Buffalo sports rarely get a share of the limelight on the National stage. Aside from only a handful of instances, our teams haven’t enjoyed great success over the last decade or so, and the mainstream media has never clamored to report on a city of our size or reputation.
But, sure enough, Buffalo will have its’ turn to shine this coming February in one of the biggest sporting events on the planet—the Winter Olympics.
Mostly because of one man who isn’t even from this city, ironically enough.
When Ryan Miller takes to the ice in Sochi, Russia, for the 2014 Winter Olympics, he’s going to have an entire country behind him as he challenges for the gold medal, but there’s no question where his greatest support will emanate from; his hometown of East Lansing, Michigan, and his adoptive hometown of Buffalo, New York.
This isn’t to say that Western New Yorkers will forget about Team USA’s true Buffalo native, Patrick Kane, but the two-time Stanley Cup winner of the Chicago Blackhawks doesn’t represent Buffalo the same way that Miller does.
At 33 years of age, it feels as if Miller has grown up in Buffalo just as any young athlete has. He first emerged on the scene when he was only 22, and he’s been the face of the Buffalo Sabres franchise for more than eight years now.
He’s extended his bond with Buffalo far beyond the hockey rink, perhaps more than any other Sabre in recent memory. His charity, the Steadfast Foundation, has partnered with local organizations like Roswell Cancer Institute, Carly’s Club and Perry’s Ice Cream, and has established long-running events like Catwalk for Charity. He donates his suite inside First Niagara Center to children from Carly’s Club for them to enjoy Sabres home games and other events.
“I think the experiences interacting with the community, and especially kids facing adversity, has confirmed for Ryan how important compassion and true support is to anyone and everyone,” said Miller’s father, Dean Miller, in an interview with Sabres Hockey Central. “In team sports you work to support each other. It’s no different in the community.”
Miller has even been well-known to take a casual jaunt about Elmwood Avenue with his wife, actress Noureen DeWulf, as if they were just any ordinary couple heading to the Globe Market or Walgreens.
Whenever he’s engaged in “Yo Momma” joke battles for Amp Energy commercials, made special appearances on network shows like Sullivan and Son, and led Team USA to a Silver medal in the thrilling 2010 Vancouver Winter Olympics, Buffalo fans have always thought one thing.
That’s our goalie.
They’ll be thinking the same thing in February as they cheer him on to led Team USA through the Olympic hockey tournament. It should be especially satisfying for Buffalo fans after the emphatic statement Miller made in the tail end of 2013 that he was the goalie meant to start for Team USA.
“He’s the best goalie in the league,” said Sabres captain Steve Ott after Buffalo’s 2-1 shootout win over the Washington Capitals on December 29th. “And I don’t say that lightly by any means, I really think that.”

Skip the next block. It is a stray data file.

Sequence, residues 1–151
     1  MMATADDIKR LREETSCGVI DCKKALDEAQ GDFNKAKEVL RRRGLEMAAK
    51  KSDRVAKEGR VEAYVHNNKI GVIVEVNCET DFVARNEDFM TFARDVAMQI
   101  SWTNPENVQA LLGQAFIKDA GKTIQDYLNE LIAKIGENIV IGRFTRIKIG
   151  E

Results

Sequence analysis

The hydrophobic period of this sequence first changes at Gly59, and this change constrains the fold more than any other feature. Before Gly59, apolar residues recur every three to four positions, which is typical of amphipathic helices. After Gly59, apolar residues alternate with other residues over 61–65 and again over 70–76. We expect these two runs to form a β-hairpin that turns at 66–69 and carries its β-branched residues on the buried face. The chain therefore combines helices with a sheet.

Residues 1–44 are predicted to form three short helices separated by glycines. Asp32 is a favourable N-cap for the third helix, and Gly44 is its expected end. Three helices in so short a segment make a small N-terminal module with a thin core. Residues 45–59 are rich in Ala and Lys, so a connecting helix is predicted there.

After all, there was doubt in the last few years, even in Buffalo. Miller never quite secured the same type of dominant year in the NHL that the year he went to the Olympics, where he finished with a .929 save percentage and won the Vezina Trophy. It didn’t help Miller’s cause that the Sabres as a team only saw one post-season berth in the years following the 2010-2011 NHL season.
All the while, other American-born goalies rose to prominence. Jonathan Quick was widely-believed to be the leading candidate for Team USA’s starting goaltender after his astounding run with the Los Angeles Kings in the 2012 Stanley Cup playoffs, which saw him win the cup and the Conn Smythe Trophy while amassing three shutouts and a .946 save percentage.
Jimmy Howard had been strong in net for the Detroit Red Wings, and Craig Anderson emerged from obscurity to be one of the NHL’s statistical with the Ottawa Senators.
But one way or another, all of those goalies fell back down to the earth—and in some cases, much further than that—throughout the first few months of the 2013-2014 NHL season.
Miller has taken a very different approach. Despite being on a struggling Sabres club that has only just begun its rebuilding process, he’s looked outstanding in between the pipes. Miller has faced more shots than any other netminder in the NHL, and still has come out with a .927 save percentage. He stopped 278 shots in December alone, a month where he earned a .948 save percentage.
He’s seen [and won] more shootouts than any other Team USA contender this year alone, stopping 22 of 28 attempts and improving his record to 48-28, an NHL best. That’s invaluable experience for an Olympic goaltender, who may have to face the likes of Alexander Ovechkin or Steven Stamkos more than once in a shootout to guarantee a win in the opening round.
And if any Team USA goaltender is going to be charged with that task, there’s no one more capable than Miller.
After a shootout win against the Kings this season, where Miller made 43 saves, Tyler Ennis had commented on the goaltender’s performance. “I told him in the huddle after the game, ‘Every time I think you’re the best goalie in the world, you are even better than I think,'” Ennis said.
Sabres interim head coach Ted Nolan perhaps said it best –
“When [Ryan]’s on, I don’t think there’s much better.”